Most of us develop redness and swelling at the site of an insect bite. Yet people who are allergic to stinging insect venom are at risk for a much more serious reaction. This life-threatening reaction is called anaphylaxis (an-a-fi-LAK-sis). Understanding differences in symptoms between a normal reaction and an allergic reaction can bring peace of mind. It is also important to have an accurate diagnosis so you can manage your condition viagra prix usine and be prepared for an emergency. An allergic reaction occurs when the immune system overreacts to an allergen. In stinging insect allergy, the allergen is venom from a sting.
Most serious reactions are caused by five types of insects:
- Yellow jackets are black with yellow markings, found in various climates. Their nests are usually located underground, but sometimes found in the walls of buildings, cracks in masonry or in woodpiles.
- Honeybees have round, fuzzy bodies with dark brown and yellow markings. They can be found in honeycombs in trees, old tires or other partially protected sites.
- Paper wasps are slender with black, brown, red and yellow markings. They live in a circular comb under eaves, behind shutters or in shrubs and woodpiles.
- Hornets are black or brown with white, orange or yellow markings. Their nests are gray or brown and are usually found in trees.
- Fire ants are reddish-brown ants living in large mounds, mostly in warmer climates. They attack with little warning, inserting highly concentrated toxins that cause burning and pain.
Stinging Insect Allergy Symptoms & Diagnosis
Most people develop pain, redness and swelling at the site of an insect sting. This is a normal reaction that takes place in the area of the bite. A serious allergic reaction occurs when the immune system gets involved and overreacts to the venom, causing symptoms in more than one part of the body such as:
- Swelling of the face, throat or tongue
- Difficulty breathing
- Stomach cramps
- Nausea or diarrhea
- Itchiness and hives over large areas of the body
This severe allergic reaction is called anaphylaxis. Insect stings can cause serious symptoms that are not allergic. A toxic reaction occurs when the insect venom acts like a poison in the body. A toxic reaction can cause symptoms similar to those of an allergic reaction, including nausea, fever, swelling at the site of the sting, fainting, seizures, shock and even death. A toxic reaction can happen after only one sting, but it usually takes many stings from insects. Serum sickness is an unusual reaction to a foreign substance in the body that can cause symptoms hours or days after the sting. Symptoms include fever, joint pain, other flu-like symptoms and sometimes hives.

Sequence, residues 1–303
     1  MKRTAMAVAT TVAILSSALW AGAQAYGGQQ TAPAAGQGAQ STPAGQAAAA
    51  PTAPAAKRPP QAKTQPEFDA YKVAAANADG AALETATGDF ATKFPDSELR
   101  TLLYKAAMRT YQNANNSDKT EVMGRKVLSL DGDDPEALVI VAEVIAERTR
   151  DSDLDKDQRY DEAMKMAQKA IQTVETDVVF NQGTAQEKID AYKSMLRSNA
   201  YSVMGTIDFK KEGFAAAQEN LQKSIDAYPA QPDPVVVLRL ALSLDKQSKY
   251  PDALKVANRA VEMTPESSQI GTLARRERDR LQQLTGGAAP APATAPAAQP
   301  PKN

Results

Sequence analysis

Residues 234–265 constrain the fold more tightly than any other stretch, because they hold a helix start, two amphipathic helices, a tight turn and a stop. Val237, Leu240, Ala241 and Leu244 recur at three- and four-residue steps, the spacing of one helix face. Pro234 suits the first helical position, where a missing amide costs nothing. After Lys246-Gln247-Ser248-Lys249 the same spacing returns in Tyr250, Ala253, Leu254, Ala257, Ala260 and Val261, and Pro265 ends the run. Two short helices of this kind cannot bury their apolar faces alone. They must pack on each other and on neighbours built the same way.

Almost 62% of U.S. households have pets, and more than 161 million of these pets are cats and dogs.* Unfortunately, millions of pet owners have an allergy (allergic rhinitis) to their animals. The proteins found in a pet's dander, skin flakes, saliva and urine can cause an allergic reaction or aggravate asthma symptoms in some people. Also, pet hair or fur can collect pollen, mold spores and other outdoor allergens. An allergen is a normally harmless substance that triggers the immune system to overreact in people with allergies. This response can cause allergy symptoms such as sniffling, sneezing and itchiness and watery eyes. Contrary to popular opinion, there are no truly “hypoallergenic breeds” of dogs or cats. Allergic dander in cats and dogs is not affected by length of hair or fur, nor by the amount of shedding.
Pet Allergy Symptoms & Diagnosis
Pet allergy symptoms appear during or shortly after exposure to the animal. These symptoms may linger long after the animal is gone. This is because the dander remains in the air, on furniture or on your clothing. If you experience the following symptoms after being near a dog or cat, you may have an allergy:
- Itchy, watery eyes
- Runny nose
Additionally, contact with a pet may trigger skin allergy symptoms including itchy skin or raised, red patches (hives). Pets can also trigger asthma symptoms, causing wheezing, difficulty breathing or chest tightness. Giving up a pet in order to prevent allergy symptoms isn’t always necessary. An allergist / immunologist has specialized training and experience to accurately diagnose your symptoms and develop a treatment plan to help you or your child manage allergy symptoms and potentially keep your furry friends.